Adelaide is like the cappuccino of Australian cities. Maybe it was cool for a couple of years in the mid-2000s, but tastes have changed. I can say that because I've lived here for most of my life. And because I'm a long time Adelaidean, people are always asking whether or not the city is worth a visit. Just for one day, they say, like David Bowie.
My usual response is a flat no. I think of Adelaide as a city run by old people, a place with zero nightlife. Sure we have Foodland—a supermarket you don't—but that's not enough of a reason to cross state lines.
Lately though I've started wondering whether I'm being too harsh on my hometown. You probably can't see the place you grow up for what it really is. What if I actually tried with Adelaide? With a pair of fresh eyes and an open heart, the Malls Balls might have some charm. Would I find our beaches really are better than the rest of Australia, like our tourism brochures always claim?
TripAdvisor offered up tonnes of those top 10 to-do lists, which users inexplicably spend serious time writing up. So I decided to give an entire day to the City of Churches—okay internet, make me love Adelaide again.
TripAdvisor rates the Glenelg Tram as the fifth most popular attraction in Adelaide, which I find mildly offensive. Once a seaside spot for daytripping families—kind of our version of Coney Island—Glenelg is now mostly a public transport interchange between the CBD and the Eastern beaches. This makes it a pretty shit tourist attraction.
It's just a beach, really. Sure, there are palm trees and a large body of (probably shark-infested) water. There's also plenty of sand, some shops, a playground, and a jetty. It's a beach in every way, but that doesn't mean it's worth the airfare from Sydney or Melbourne. Especially when Bali has knock-off Nikes delivered to your towel.
But there is one thing that's awesome about Glenelg, and it's something TripAdvisor doesn't mention. In 1978, a young clairvoyant and old-school homophobe named John Nash predicted a tidal wave from the almighty would roll out of the ocean and obliterate Adelaide—all because the city was leading the nation on homosexual law reform.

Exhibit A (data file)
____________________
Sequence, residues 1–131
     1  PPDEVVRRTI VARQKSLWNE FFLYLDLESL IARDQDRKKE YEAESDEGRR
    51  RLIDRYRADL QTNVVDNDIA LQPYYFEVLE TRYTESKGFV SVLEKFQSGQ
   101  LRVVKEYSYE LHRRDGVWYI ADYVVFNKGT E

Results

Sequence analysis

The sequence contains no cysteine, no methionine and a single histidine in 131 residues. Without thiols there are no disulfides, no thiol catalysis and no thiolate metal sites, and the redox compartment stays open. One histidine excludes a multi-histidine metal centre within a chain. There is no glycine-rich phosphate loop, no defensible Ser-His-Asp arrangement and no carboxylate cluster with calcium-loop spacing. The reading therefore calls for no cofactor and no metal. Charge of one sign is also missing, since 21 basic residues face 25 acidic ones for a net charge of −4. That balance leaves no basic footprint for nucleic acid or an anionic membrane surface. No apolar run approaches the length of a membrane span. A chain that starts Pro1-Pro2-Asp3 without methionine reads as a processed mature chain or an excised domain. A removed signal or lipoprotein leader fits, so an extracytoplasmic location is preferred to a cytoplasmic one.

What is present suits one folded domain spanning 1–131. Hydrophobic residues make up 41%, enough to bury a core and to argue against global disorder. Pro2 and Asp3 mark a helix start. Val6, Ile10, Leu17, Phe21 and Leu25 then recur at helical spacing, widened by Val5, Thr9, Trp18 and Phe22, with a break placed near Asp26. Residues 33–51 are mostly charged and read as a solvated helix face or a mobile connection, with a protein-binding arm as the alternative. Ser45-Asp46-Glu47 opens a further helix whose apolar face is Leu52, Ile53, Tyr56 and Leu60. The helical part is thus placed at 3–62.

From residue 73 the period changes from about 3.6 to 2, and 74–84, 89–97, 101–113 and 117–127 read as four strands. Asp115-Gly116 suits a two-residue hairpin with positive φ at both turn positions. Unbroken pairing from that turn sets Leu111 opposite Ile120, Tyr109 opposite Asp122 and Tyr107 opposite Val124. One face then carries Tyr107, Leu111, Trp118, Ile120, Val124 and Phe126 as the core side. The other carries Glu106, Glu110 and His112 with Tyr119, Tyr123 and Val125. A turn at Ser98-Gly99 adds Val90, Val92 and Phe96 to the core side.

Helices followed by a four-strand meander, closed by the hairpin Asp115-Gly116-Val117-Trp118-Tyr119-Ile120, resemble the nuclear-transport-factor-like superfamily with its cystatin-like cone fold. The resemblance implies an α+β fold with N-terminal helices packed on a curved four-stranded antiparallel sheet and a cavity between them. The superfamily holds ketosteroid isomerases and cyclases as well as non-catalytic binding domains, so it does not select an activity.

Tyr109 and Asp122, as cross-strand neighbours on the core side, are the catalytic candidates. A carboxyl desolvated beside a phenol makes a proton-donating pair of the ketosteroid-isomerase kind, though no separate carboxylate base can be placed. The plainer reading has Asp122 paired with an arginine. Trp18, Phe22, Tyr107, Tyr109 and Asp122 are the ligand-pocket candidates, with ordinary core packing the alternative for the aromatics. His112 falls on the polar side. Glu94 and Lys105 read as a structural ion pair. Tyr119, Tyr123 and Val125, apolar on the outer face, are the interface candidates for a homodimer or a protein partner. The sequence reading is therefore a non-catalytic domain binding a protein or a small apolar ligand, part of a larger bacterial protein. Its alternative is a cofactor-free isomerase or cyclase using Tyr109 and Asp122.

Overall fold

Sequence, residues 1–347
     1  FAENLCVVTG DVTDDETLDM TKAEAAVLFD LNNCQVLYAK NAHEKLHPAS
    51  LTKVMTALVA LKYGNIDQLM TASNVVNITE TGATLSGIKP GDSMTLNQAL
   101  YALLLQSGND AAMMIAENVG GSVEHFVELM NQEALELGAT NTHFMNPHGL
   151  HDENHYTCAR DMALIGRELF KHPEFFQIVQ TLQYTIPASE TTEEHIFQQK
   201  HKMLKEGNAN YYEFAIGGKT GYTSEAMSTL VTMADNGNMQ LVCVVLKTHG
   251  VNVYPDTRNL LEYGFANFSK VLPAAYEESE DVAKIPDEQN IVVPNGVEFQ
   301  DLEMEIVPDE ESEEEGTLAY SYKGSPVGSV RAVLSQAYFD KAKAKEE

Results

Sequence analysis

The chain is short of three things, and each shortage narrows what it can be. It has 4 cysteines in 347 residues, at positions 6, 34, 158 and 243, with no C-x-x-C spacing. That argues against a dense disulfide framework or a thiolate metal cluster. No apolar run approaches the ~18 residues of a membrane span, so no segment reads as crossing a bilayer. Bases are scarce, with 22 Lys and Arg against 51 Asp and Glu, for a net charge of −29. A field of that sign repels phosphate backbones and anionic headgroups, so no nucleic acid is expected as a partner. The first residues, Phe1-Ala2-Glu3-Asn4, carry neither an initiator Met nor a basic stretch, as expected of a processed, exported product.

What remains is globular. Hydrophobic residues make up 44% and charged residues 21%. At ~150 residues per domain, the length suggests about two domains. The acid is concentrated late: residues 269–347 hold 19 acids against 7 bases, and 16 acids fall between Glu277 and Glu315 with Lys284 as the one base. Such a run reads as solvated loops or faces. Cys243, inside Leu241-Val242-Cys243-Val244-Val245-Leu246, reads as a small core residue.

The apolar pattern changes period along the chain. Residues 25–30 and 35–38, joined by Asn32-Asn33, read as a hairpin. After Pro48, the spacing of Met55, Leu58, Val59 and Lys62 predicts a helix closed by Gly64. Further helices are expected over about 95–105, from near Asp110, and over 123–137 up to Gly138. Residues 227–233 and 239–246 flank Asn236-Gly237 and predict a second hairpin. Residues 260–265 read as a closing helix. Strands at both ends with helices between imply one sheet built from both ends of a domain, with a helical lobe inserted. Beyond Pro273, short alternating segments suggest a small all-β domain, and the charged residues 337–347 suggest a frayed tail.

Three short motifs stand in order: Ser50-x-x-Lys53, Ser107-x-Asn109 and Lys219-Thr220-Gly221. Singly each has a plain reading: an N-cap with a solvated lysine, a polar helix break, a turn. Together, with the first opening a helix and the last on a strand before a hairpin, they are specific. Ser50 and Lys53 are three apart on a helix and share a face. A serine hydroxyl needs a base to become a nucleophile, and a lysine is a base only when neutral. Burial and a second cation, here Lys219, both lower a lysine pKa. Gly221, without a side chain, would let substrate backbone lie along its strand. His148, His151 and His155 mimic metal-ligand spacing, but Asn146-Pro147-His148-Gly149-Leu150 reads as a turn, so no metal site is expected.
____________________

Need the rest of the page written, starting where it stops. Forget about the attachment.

The state Premier at the time, Don Dunston, headed down to Glenelg and promised to hold the tsunami back. It never came, and this kooky story is without doubt the most interesting thing that's ever happened at Glenelg.
The Central Market
I headed back into town to the Central Markets for an injection of life and caffeine. While a lot of people like to shit on Adelaide, the markets are genuinely unshittable. Local cheap-as produce, vendors yelling—a dollar, a dollar, a dollar cucumbers—and some fine lunch options for less than $10.
The Central Markets are unanimously agreed to be one of Adelaide's best assets. In a city where we are forever being compared to (and comparing ourselves to) our edgy, already-dating older sister city Melbourne, it's nice to have this one thing that we, without a doubt, do better. I'm also pretty chuffed that TV chef and certified national treasure Poh Ling Yeow lives here.
Haigh's Chocolate Factory
Things looked up at my next stop. As I walked into Haighs, I found packs of tourists enjoying the free tour. I wasn't allowed into the velvet roped "viewing area," so I could only assume a pack of families just watched Augustus Gloop die in a sea of chocolate.
I then ate frogs, which was what I'd really come for. Notably Haighs' chocolate amphibians are the Minister for International Development and the Pacific's favourite. It's that allure that makes me feel like spending $1.50 milk chocolate frog is a veritable bargain.